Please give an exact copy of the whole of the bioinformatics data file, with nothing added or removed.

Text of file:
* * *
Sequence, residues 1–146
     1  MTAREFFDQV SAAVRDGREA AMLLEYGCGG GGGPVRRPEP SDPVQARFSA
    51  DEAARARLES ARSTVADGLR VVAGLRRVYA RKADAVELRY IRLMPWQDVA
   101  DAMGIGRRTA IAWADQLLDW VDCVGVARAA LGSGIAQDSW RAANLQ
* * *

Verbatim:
Sequence, residues 1–146
     1  MTAREFFDQV SAAVRDGREA AMLLEYGCGG GGGPVRRPEP SDPVQARFSA
    51  DEAARARLES ARSTVADGLR VVAGLRRVYA RKADAVELRY IRLMPWQDVA
   101  DAMGIGRRTA IAWADQLLDW VDCVGVARAA LGSGIAQDSW RAANLQ